Remember, you’re not at a campground, so don’t start setting up camp. Don’t set out chairs or start grilling. It’s also best to keep your slides pulled in while you get some rest. If you’re in a big parking lot, try to park near the back so you’re not in the way.
Keep It Clean
The parking lot isn’t a trash can. If someone permits you to stay the night, treat them with respect. Clean up trash or litter around your camper. Some people will assume the worst if they see a mess, even if it was already there. Leave the area better than you found it.
This is a simple way to keep the peace and help ensure businesses continue to allow overnight RV parking.
How Do You Find Legal Overnight RV Parking?
When you’re on the road, RVers have a few go-to places to check out. Some states allow you to park an RV at rest stops. Of course, they may have limits as low as four hours, so it’s not ideal for a good night’s sleep. Many truck stops and big box stores outside city limits also allow RV parking. But be sure to check with the owner or manager first, though.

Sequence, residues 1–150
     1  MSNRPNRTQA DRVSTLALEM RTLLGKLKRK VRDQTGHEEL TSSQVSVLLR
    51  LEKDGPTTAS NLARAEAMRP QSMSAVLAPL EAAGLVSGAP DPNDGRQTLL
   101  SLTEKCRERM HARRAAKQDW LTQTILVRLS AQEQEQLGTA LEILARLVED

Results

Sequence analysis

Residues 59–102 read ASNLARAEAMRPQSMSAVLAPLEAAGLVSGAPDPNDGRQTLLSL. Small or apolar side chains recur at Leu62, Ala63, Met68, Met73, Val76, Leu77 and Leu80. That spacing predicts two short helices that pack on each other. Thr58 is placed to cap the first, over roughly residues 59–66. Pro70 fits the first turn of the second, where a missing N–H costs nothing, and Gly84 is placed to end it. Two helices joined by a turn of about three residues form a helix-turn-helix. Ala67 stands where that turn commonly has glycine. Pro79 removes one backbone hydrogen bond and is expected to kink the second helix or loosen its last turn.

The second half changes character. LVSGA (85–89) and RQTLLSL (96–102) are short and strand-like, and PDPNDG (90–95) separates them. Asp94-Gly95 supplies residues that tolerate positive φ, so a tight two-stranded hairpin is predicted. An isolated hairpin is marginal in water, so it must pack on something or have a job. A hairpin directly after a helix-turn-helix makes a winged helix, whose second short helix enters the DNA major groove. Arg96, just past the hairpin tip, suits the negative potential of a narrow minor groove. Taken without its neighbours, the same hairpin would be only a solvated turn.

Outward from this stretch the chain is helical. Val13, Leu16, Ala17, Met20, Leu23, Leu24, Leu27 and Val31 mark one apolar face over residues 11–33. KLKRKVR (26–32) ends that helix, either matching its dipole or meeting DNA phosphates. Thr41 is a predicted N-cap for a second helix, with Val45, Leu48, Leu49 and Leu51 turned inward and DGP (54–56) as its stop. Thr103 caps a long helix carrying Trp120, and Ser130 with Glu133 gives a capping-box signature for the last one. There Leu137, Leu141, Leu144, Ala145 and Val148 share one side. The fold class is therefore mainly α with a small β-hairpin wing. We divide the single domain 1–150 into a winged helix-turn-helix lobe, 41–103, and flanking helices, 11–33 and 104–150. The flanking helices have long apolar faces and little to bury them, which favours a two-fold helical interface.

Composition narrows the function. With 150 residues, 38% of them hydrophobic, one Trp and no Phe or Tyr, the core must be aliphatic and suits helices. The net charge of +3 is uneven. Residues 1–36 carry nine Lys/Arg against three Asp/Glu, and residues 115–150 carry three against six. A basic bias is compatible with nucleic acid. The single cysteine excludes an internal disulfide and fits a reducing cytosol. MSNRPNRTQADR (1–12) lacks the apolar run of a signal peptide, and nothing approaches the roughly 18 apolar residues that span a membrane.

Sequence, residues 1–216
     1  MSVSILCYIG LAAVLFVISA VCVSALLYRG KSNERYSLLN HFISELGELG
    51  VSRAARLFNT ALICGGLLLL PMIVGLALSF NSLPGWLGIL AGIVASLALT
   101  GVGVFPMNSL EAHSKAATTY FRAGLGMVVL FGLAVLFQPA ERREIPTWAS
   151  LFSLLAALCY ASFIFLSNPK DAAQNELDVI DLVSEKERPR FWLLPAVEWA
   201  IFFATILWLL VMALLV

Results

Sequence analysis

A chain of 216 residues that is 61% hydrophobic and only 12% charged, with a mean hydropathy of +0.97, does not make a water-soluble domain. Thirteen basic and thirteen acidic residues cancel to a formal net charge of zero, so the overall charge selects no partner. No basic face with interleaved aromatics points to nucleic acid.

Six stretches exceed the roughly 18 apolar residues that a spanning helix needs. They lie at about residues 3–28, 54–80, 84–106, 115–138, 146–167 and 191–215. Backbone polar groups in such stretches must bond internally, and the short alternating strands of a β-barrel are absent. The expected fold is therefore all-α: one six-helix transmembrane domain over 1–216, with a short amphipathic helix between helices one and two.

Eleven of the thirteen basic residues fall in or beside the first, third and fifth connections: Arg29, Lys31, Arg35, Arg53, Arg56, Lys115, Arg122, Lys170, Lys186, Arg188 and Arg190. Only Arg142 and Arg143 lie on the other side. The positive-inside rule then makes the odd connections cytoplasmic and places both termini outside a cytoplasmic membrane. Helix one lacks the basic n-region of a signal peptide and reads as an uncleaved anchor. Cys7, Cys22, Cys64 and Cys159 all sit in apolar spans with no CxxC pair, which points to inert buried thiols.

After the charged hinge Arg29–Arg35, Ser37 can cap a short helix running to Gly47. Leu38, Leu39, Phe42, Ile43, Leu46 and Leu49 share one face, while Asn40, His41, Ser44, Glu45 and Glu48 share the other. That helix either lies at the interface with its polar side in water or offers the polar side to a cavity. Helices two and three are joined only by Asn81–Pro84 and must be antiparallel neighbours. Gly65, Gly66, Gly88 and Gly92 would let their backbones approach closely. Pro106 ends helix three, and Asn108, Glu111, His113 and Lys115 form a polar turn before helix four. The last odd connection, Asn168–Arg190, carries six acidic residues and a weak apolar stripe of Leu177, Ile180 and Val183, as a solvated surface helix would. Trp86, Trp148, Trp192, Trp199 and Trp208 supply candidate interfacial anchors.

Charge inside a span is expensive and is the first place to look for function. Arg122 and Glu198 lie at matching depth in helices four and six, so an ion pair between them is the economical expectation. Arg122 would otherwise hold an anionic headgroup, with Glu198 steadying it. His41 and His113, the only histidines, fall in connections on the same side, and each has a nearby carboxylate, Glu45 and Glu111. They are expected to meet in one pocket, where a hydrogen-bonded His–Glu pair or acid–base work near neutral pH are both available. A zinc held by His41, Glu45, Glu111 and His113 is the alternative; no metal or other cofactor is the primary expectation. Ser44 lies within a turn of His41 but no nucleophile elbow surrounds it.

If you need help finding places to stay, several apps can help you plan your overnight stays. Campendium, iOverlander, and AllStays are great resources to use. You can also camp for free in national forests and public land run by the Bureau of Land Management.
And if a business does let you camp overnight, be sure to spend some money on supplies while you’re there. It’s an easy way to say thank you.
Pro Tip: Combine RVing and a hotel stay with this Ultimate Airstream Hotel Guide.
Should You Sleep in Your RV in a Hotel Parking Lot?
If you absolutely need to stop and there’s nowhere else to go, you might consider booking a hotel room rather than trying to park in their lot overnight. Or, you could ask permission to rest in your camper for a few hours. They may have some sympathy for you and allow you to stay without a hassle.
But, for the most part, it’s not worth the risk. The better solution is to plan for each night on the road, along with a few backup options. That way, you’ll never have to sleep with one eye open, waiting for that dreaded knock on the door.